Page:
In these troubled and dark times, all we need is some festive delight to wind things up. A seasonal confection if you will. And whilst there are many holiday silver screen classics and countless replays of Love Actually to watch on TV, this is a theatre version of a festive romantic-comedy.
Who’d have thought a 1937 Budapest-set play could be so charming?! From the same duo who brought us Fiddler on the Roof a year after She Loves Me premiered in 1963, you can’t help but be smitten by its old-school setting and musical accompaniment. Set in a local parfumerie, Georg (Mark Umbers) and Amalia (Scarlett Strallen) are anonymous pen-pals lovers who are romantic on paper but little do they know they’ve already met face to face as co-workers and secretly detest one another. It’s refreshing to see a tale of anonymous love over paper rather than the typical method nowadays – Tinder.
It takes the length of the first quarter of the show before you warm into it, with the tipping point being Scarlett Strallen’s entrance through the door as Amalia. Here, she soars to new heights vocally similar to her performance in Candide at the Menier in 2013. From then on, each of the cast brings incredibly strong characterisation, from Mark Umbers as the emotional lover, Katherine Kingsley as the sales clerk Ilona and the mockney comic delight as well as Rory English, the hilarious waiter who romanticises with many of the audience members. Even Les Dennis provides a genuinely serious portrayal as the manager of the parfumerie, Mr Maraczek.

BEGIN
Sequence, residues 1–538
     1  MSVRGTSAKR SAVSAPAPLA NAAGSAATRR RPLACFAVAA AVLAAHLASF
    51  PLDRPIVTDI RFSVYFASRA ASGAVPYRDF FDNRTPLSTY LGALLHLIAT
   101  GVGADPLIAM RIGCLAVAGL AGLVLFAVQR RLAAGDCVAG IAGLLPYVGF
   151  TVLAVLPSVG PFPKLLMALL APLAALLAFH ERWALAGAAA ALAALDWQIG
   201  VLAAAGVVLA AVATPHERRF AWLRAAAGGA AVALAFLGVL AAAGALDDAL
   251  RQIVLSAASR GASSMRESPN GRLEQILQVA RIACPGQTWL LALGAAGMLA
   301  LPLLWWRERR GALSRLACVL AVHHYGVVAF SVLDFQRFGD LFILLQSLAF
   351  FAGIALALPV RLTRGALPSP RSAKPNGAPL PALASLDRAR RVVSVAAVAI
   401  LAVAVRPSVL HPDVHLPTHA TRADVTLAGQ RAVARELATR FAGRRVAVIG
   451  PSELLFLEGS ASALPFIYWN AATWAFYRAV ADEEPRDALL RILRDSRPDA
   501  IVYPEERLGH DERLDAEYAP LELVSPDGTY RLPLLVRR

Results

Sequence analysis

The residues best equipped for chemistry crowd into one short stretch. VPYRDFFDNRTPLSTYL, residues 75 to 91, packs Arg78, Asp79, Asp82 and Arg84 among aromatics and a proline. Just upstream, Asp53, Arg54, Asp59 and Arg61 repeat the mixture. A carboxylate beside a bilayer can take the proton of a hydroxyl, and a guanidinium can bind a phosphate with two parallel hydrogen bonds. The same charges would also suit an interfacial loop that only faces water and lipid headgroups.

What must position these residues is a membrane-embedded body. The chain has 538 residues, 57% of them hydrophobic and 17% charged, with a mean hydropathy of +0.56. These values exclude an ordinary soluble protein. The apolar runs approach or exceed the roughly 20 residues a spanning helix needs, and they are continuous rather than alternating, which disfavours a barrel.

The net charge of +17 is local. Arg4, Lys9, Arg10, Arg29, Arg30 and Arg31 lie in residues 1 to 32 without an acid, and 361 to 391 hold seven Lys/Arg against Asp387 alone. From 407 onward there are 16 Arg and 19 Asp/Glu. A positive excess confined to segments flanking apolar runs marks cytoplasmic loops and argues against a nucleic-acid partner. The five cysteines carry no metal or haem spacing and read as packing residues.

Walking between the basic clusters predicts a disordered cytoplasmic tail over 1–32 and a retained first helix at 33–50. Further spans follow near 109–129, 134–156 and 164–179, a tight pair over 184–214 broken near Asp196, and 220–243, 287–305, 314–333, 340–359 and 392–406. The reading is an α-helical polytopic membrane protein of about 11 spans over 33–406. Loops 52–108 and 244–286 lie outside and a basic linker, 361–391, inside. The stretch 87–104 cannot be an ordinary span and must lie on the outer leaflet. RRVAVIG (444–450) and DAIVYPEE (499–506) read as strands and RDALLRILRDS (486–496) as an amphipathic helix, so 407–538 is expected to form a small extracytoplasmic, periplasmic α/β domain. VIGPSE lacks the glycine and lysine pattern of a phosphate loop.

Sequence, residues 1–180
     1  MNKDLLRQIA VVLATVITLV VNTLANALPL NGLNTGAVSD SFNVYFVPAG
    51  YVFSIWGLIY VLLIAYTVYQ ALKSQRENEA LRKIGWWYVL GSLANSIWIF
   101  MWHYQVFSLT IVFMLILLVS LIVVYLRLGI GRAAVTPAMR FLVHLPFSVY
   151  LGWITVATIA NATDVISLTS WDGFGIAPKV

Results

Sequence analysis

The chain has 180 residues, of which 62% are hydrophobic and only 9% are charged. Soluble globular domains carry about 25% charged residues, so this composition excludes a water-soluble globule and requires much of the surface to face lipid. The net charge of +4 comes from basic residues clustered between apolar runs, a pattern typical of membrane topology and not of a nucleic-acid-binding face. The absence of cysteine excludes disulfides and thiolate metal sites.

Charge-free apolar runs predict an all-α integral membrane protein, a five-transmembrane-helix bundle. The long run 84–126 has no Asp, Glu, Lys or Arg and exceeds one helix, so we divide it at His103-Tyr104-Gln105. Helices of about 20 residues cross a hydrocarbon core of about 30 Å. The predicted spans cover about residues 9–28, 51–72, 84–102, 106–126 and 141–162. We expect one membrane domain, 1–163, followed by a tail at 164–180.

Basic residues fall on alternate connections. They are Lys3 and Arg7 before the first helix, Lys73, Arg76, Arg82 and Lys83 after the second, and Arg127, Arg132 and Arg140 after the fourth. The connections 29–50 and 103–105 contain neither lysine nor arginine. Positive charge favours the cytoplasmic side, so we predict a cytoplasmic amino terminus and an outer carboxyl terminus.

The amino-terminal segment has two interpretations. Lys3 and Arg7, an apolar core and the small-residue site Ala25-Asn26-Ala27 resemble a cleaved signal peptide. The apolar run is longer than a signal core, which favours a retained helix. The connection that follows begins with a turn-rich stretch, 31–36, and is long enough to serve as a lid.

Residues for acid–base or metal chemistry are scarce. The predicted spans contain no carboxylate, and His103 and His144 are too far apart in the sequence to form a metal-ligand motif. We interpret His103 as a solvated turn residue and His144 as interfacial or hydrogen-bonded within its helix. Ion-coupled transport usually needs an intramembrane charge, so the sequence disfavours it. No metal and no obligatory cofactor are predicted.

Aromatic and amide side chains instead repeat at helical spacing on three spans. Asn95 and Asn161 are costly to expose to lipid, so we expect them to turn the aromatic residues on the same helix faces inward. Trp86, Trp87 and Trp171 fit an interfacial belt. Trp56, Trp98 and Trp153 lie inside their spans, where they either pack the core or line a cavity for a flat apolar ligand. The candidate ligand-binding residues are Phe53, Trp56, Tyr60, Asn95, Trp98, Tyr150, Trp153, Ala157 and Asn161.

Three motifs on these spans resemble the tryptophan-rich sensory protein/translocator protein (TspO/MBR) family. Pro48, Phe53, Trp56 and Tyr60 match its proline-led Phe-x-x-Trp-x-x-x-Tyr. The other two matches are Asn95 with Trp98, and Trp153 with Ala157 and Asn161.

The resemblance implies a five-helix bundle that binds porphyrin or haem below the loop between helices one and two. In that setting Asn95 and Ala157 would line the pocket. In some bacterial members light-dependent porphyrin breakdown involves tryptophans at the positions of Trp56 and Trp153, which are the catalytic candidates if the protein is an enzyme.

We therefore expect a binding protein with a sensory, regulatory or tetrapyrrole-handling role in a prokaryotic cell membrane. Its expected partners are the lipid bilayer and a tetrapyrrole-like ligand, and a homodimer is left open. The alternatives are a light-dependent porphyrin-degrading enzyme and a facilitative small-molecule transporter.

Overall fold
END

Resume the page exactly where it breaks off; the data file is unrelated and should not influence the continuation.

Matthew White’s staging flows effortlessly, with the first scene transition inside the parfumerie having the same sort of sparkle as a classy department store window such as Selfridge’s. Rebecca Howell also beguiles the Menier with her choreography, particularly in the final number ‘Twelve Days to Christmas,’ which is honestly one of the best ensemble numbers I’ve seen in some time.
Matthew White has created a sweet gem in the confined space provided, which actually suits this better than the grander-scale of the Broadway production earlier this year in the 1,000 seat auditorium. The intimacy of the Menier showcases the skilfulness of the choreography and music, with Sheldon Harnick calling it as, ‘may be the best production of She Loves Me (he’s) ever seen’. The best way to describe it is a Christmas present-musical – shimmery on the outside, bowed up nicely but not quite sure what’s inside at first. Once opened, you can’t helped but be charmed and heart warmed by the sweetness inside.
Reviewed by Barry O’Reilly
SHE LOVES ME plays at the Menier Chocolate Factory until 4 March 2017